To exempt or not to exempt: vaccines and student health

Tulin Chang-Maltepe, Managing Editor

Classical utilitarian ethics—an ethical theory—dictates that the well-being of everyone is weighed equally in the pursuit of a morally-good life. Rapid developments in modern medicine and the raging COVID-19 pandemic have pushed policies governing vaccinations to the forefront of the battle over utilitarian ideals in modern American society. With state and local powers pushing for vaccine mandates, public distrust for vaccinations has grown. In order to protect their communities, state governments have required school children to be vaccinated against certain diseases since the 20th century. Yet vaccine exemption rates have only grown in school districts across the country. Who’s responsible for ensuring public health and safety in school children?

As students across the country shuffle into classrooms, COVID-19 vaccination requirements for schools remain a point of contention. This debate is not new. While vaccinations against a plethora of other diseases are required for enrollment in any California public school, each year a small but vocal community of people regularly seek vaccine exemptions for medical or ideological reasons. The responsibility to monitor these vaccine exemptions falls to state courts and medical boards, and the responsibility to ensure public safety via vaccinations is fraught with challenges.

“I do think that [the criteria for granting vaccine exemptions] resides in the hands of public health authorities and physicians,” said Dr. Katherine Herz, an attending hospitalist physician at the Children’s Hospital of Philadelphia in an interview with the Urban Legend. Herz explained that health decisions that affect only an individual child is a decision solely affecting the immediate family. “Vaccines are different,” said Herz. “When you vaccinate your child, that’s not just about your child’s health, it’s about your child’s friends’ and classmates’ health, and then their parents’ health. It’s about the health of everyone in their lives.”

Dr. Kim Newell Green, assistant clinical professor of pediatrics at the UCSF and immediate past president of the San Francisco Marin Medical Society, agrees. In the face of a pandemic or any severe disease, vaccinations become a tool that protects the larger community from serious harm. “We can keep people safe by having everyone who’s able to do so get vaccinated. That’s a public health question and not a question for an individual [or] an individual doctor,” said Newell Green.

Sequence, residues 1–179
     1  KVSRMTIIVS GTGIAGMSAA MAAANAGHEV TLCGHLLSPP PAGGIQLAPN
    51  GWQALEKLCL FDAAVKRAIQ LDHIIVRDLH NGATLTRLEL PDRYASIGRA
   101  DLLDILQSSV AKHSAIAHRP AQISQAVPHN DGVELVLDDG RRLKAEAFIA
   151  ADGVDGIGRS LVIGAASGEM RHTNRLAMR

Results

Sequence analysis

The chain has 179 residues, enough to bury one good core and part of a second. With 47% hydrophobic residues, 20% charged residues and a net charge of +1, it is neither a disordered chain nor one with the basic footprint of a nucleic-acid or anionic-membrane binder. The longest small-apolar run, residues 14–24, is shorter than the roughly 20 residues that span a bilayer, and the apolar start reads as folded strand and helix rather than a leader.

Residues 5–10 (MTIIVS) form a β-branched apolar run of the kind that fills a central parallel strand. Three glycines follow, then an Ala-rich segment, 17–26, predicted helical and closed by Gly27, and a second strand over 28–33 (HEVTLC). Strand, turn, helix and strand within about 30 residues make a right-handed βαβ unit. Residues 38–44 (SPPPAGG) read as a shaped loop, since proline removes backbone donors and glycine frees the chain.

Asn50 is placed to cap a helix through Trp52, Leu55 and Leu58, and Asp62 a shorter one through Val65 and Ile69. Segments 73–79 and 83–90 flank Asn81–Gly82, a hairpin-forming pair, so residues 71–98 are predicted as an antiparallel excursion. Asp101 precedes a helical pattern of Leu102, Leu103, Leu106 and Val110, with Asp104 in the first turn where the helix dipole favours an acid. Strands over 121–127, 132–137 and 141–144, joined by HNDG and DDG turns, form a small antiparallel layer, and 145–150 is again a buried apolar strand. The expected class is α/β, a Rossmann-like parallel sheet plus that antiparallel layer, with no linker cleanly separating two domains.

Dr. Jeffrey Fineman, chief of pediatric critical care at UCSF Benioff Children’s Hospital, has witnessed firsthand the devastating effects of COVID-19 infection in unvaccinated kids. “[This] serious disease could have been significantly attenuated if they had been vaccinated,” said Fineman. “This was particularly true for our most vulnerable children with serious underlying disease[s].”

A critical issue during the pandemic has been the slow pace of vaccine development for children. “As a pediatrician, I do believe that vaccines should be developed for children in parallel [timing] with adults,” he said. Fineman believes that the lack of initial COVID-19 cases in children likely delayed the focus on vaccine development for children. “[This] represents a flaw in what otherwise was an incredible, historic campaign to develop safe, effective vaccinations in a very short period of time” Finerman said.

The battle against vaccination requirements has been shaped as a matter of individual freedoms and rights. “In America, we tend to focus so much on rights, to the exclusion of what those rights are meant to accomplish,” said Herz.

Newell Green believes that people should focus on more than just the individual. “As members of society, we have to be part of a larger societal discussion about how we protect each other,” said Newell Green.

Minimizing risks for school communities has been a crucial part of recovering from the COVID-19 pandemic. Maintaining safe school environments even outside of a pandemic requires certain public health rules. “Schools are not experts in health, so I think most schools do best when they listen to public health officials and do a reasonable job in partnering with public health agencies to follow mandates and be in conversation about how and why mandates may need to change,” said Newell Green. “Therefore, I think the school administration should be responsible for keeping schools safe.”

Just like other schools in California, and in line with utilitarian ethics, Urban follows California state mandates for vaccinations. In line with Newell Green’s belief, Head of School Dan Miller agrees that school administrations should be responsible for the school’s safety. “I believe state mandates are based on thoroughly vetted scientific evidence, and that the community health imperatives must sometimes infringe on individual freedoms.”